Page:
Legislature reconsiders record confidentiality after child’s death
NEW YORK–Responding to intense news coverage and public outcry over the torture and murder of a 6-year-old Manhattan girl, a committee of the New York legislature held hearings in early December to reconsider a law that makes child welfare case files confidential.
The lawmakers and family members of Elisa Izquierdo, who died November 22 when her mother allegedly smashed her into a concrete wall, weighed in on whether Section 422 of New York’s State Social Services law may have been responsible for the girl’s death. The law prohibits child protective service workers and agencies from divulging information about child abuse reports and investigations to the public. It allows disclosure in some circumstances to physicians and criminal justice authorities.
Officials from the Child Welfare Agency (CWA) who were called to testify about the agency’s decisions in Izquierdo’s case refused to answer the committee’s questions because, they asserted, the confidentiality law prevents them from doing so.
Critics of the law testified that it blocks communication between government agencies about children at risk and shields child protection agencies from public inquiry. Defenders of the confidentiality provisions said they protect abused children from notoriety, and parents and custodians from the stigma of false accusations.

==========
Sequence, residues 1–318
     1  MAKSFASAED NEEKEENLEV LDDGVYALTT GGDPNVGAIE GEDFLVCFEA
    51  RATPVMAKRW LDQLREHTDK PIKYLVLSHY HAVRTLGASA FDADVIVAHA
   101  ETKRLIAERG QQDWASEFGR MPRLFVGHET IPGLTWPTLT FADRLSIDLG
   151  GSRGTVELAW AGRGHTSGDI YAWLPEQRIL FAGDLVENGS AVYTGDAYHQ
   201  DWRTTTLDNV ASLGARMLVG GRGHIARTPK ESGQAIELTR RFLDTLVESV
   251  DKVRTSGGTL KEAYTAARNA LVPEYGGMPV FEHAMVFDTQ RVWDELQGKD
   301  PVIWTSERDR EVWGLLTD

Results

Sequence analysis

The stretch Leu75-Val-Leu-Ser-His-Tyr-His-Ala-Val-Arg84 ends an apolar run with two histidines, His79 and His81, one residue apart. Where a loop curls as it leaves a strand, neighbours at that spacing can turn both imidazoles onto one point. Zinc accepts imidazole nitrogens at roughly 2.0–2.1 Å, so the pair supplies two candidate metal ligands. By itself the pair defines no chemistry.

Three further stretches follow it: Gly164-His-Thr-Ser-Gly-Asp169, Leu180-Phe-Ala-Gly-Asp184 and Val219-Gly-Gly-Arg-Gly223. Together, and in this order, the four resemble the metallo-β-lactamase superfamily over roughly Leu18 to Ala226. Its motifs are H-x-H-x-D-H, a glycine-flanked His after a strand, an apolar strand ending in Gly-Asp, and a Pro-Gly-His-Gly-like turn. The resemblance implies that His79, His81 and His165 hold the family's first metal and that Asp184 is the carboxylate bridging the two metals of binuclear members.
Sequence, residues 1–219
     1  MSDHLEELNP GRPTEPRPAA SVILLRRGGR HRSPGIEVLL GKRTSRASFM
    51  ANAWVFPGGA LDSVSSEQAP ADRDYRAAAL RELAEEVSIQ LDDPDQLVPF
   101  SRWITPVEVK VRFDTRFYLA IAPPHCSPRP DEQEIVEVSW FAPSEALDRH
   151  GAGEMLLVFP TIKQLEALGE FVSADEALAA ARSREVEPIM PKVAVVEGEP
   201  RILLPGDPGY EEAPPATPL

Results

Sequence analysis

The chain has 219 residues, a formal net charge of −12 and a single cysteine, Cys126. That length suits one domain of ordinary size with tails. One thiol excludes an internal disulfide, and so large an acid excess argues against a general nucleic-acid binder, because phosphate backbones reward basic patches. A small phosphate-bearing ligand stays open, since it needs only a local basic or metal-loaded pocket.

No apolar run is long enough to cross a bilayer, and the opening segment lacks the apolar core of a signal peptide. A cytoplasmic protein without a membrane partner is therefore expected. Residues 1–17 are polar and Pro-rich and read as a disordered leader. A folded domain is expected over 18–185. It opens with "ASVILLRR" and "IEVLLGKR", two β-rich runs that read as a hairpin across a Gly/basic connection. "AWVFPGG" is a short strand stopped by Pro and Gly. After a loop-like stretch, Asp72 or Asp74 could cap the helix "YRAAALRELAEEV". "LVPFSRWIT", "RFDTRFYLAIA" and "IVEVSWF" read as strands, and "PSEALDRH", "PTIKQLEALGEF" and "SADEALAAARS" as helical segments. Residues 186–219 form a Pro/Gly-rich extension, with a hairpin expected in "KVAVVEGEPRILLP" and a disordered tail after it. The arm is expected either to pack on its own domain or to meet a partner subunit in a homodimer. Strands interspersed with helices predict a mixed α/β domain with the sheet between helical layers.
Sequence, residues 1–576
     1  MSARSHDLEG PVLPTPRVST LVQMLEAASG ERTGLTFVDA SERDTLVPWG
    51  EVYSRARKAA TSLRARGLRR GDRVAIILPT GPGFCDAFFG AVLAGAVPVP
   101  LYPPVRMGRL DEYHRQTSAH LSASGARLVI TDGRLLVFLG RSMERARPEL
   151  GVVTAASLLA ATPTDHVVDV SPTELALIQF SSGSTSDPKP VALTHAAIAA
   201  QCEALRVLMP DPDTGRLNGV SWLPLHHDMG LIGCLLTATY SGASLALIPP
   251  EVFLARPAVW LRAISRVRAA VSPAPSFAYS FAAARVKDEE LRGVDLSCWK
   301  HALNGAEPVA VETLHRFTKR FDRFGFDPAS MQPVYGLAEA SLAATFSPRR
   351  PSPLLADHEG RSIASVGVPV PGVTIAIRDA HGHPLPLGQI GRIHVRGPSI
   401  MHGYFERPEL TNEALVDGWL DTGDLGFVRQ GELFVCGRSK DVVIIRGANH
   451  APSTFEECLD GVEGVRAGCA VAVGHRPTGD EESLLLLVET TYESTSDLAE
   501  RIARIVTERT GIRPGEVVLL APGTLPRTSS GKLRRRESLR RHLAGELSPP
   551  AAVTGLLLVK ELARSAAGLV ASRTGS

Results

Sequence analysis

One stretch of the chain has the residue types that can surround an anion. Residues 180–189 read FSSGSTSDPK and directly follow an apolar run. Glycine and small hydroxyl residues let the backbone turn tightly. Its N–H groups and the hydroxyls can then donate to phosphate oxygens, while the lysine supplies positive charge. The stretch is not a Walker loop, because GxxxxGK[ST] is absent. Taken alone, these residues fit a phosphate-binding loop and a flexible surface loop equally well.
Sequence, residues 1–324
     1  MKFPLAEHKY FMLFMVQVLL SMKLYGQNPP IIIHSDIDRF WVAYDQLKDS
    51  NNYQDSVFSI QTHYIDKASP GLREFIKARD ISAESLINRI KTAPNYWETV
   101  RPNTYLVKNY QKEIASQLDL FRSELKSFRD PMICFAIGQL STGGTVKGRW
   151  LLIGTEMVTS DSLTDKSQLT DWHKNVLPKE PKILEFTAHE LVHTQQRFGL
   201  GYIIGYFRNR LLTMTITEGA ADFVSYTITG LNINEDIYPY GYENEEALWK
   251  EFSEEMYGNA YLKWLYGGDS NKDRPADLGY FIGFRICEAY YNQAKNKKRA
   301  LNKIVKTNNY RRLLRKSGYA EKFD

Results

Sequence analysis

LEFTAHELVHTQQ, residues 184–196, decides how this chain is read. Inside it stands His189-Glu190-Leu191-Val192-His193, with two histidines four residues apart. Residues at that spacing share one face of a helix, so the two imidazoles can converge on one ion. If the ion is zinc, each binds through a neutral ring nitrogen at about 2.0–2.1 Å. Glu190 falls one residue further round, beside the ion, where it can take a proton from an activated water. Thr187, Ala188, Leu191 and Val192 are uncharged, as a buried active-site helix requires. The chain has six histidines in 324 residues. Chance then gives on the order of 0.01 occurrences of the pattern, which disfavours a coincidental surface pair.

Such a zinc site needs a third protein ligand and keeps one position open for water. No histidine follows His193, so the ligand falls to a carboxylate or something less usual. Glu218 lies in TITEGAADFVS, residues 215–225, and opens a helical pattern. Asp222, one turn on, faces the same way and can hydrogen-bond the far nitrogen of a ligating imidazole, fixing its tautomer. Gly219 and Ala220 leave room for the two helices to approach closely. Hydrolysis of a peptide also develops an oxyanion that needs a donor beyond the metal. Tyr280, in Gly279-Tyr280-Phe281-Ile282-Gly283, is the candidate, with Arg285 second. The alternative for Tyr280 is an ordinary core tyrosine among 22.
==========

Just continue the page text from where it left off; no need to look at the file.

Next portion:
State Sen. Roy M. Goodman (R-Manhattan), who chaired the hearing by the New York State Senate Committee on Investigations, Taxation and Government Operations, wants to revamp the law. To that end he has drafted several bills that, he says, would strike a better balance between privacy and accountability.
Senate Bill 2263 would allow the city and state comptrollers to audit child welfare records, provide for public release of fatality reports compiled by the State Department of Social Services, and empower ombudsmen to see confidential records of social service agencies under certain circumstances.
The bill would also authorize child protective agencies to release information on their involvement with a family when the facts of the case have become public knowledge.
New York City Mayor Rudolph Giuliani has directed the CWA to draft its own legislation addressing the concerns raised by Izquierdo’s death.